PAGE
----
I made a waterfall hoping to use water as a piston for suction. I'm wondering if some of you could help explain why it's not working the way I was expecting.

This is the basic design: I have a 4 inch by 2.5 foot tube with a 5/8 inch opening on each side. The top has got a hose going to a drain of a 40 gallon tank and falls free at the bottom to fall in to the 40 gallon tank. My thoughts on this was that the tube filled with water would act as a hydraulic piston, though it's sucking air backwards in to the drain of the suction tube.

basic design

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    $\begingroup$ It's a bit hard to tell, but is there energy entering your system from somewhere? If the water starts in the 40 gal tank and ends in the same 40 gal tank, then you must have a pump of some kind, or water won't flow. What are you expecting to happen? Do I have this wrong? $\endgroup$ Commented Jan 25, 2016 at 23:23
  • $\begingroup$ That's what I was hoping from the tube was to get a consistent siphoning effect as the water drains from the tube I figured it would be acting as A piston $\endgroup$
    – Michael
    Commented Jan 25, 2016 at 23:26
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    $\begingroup$ Siphons don't work like that. If they did, then you would have created a perpetual motion machine. You would be able to put a water wheel under the falling water and create unlimited electricity. $\endgroup$
    – hazzey
    Commented Jan 26, 2016 at 1:49
  • $\begingroup$ It's hardly worth your new concept (water wheel) , as aquarium pumps are small and dirt-cheap. $\endgroup$ Commented Jan 26, 2016 at 12:31
  • $\begingroup$ Relevant XKCD What-If? $\endgroup$ Commented Jan 26, 2016 at 23:25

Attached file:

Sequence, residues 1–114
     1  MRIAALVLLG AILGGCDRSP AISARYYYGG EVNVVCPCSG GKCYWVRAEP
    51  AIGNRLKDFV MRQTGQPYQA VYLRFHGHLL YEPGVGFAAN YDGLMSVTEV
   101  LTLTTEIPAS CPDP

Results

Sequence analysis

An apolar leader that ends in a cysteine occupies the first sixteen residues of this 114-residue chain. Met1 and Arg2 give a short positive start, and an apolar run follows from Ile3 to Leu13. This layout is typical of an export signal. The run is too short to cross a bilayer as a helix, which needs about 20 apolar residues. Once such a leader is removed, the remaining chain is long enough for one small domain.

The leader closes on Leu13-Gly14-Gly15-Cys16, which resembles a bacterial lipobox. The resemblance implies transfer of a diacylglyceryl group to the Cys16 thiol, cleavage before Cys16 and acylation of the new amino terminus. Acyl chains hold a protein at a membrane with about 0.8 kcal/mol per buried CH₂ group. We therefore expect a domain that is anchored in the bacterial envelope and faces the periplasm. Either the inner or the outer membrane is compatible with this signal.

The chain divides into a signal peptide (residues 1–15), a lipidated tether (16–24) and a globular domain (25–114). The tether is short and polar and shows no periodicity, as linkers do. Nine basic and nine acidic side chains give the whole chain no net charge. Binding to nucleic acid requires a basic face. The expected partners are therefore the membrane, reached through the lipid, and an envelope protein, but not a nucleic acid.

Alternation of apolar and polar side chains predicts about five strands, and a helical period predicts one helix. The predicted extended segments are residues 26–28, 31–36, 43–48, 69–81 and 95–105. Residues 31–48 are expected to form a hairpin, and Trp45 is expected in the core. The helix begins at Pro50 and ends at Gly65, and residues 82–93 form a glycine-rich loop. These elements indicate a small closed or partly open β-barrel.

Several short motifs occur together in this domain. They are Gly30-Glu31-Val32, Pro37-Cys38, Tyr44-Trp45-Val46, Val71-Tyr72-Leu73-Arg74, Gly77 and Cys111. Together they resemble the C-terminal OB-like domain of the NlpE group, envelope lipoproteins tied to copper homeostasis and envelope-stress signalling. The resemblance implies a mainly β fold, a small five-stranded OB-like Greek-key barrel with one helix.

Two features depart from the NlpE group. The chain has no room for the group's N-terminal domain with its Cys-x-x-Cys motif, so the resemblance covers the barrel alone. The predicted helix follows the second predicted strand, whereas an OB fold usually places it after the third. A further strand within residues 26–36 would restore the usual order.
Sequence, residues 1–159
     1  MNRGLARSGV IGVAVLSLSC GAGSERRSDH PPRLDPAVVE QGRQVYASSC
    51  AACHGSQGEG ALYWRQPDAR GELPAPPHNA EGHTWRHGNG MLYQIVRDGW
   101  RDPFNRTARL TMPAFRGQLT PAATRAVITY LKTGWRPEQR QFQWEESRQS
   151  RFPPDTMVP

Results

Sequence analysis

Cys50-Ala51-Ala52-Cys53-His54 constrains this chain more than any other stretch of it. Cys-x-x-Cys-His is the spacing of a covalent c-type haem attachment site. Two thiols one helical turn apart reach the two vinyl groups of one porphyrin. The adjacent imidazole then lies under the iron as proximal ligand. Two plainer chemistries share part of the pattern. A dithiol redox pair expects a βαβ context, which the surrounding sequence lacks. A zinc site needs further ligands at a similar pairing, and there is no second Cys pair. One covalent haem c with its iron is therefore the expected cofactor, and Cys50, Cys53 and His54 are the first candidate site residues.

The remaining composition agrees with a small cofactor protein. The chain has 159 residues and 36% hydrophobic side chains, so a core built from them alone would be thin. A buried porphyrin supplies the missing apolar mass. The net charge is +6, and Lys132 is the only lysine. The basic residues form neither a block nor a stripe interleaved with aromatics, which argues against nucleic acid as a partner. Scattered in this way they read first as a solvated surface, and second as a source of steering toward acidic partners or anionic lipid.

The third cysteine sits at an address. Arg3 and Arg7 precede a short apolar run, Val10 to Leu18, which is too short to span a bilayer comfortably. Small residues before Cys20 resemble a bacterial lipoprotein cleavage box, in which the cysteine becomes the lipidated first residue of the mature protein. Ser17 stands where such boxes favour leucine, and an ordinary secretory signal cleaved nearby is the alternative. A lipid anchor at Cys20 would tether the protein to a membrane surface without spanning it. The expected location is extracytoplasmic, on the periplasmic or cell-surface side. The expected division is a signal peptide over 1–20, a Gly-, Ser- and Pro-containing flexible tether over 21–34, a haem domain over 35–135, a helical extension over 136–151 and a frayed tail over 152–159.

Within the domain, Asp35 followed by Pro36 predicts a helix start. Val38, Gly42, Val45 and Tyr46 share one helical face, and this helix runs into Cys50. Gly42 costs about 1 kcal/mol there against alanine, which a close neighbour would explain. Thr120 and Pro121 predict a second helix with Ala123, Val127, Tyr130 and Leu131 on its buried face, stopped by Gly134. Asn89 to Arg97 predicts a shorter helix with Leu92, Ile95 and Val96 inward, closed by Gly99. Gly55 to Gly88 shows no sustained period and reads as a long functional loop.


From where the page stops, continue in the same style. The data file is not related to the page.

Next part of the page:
1 Answer 1


Siphoning works when water goes from a higher point to a lower point, such as from an aquarium on a stand into a bucket on the floor next to the stand. Siphoning only works when the start point is higher than the end point because there is a net decrease in potential energy of the water from start to end, so the system is reducing its total useful energy. In your case, the start point is the same as the end point. To see this, pick any point in your cycle and note that water starting at that point must eventually return to that point.

If we select the lowest point on the tube, then water going up the tube would gain potential energy proportional to the height difference of the lowest point of the tube and the highest point of the tube, and lose exactly the same amount of potential energy on the return trip from the highest point to the lowest point of the tube. The net potential energy change is thus zero. There are also frictional losses in the tube and other components, and to overcome these frictional losses requires useful energy. Thus the total energy required to move the water around the cycle is greater than zero. Energy can neither be created nor destroyed, and useful energy can not be collected from a uniform temperature reservoir (i.e. the atmosphere), therefore, you must add useful energy in some form to move water around the cycle. Generally this would be accomplished by a powered pump of some sort.

  • $\begingroup$ So are you saying that the 2 and a half foot tube has no effect as a hydraulic pump $\endgroup$
    – Michael
    Commented Jan 25, 2016 at 23:57
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    $\begingroup$ Correct, it doesn't add energy or do work. Gravity does the work in an end-to-end siphon. What you have suggested, as @hazzey pointed out, would be a perpetual motion machine if it worked. But it won't work. $\endgroup$ Commented Jan 26, 2016 at 2:34
  • $\begingroup$ OK so could some of you help out and point me to a place with a design of a small water wheel that pumps. I'm thinking of using an automotive waterpump and putting a belt on it with a wheel $\endgroup$
    – Michael
    Commented Jan 26, 2016 at 4:10
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    $\begingroup$ You should turn that into a new question. $\endgroup$ Commented Jan 26, 2016 at 5:01

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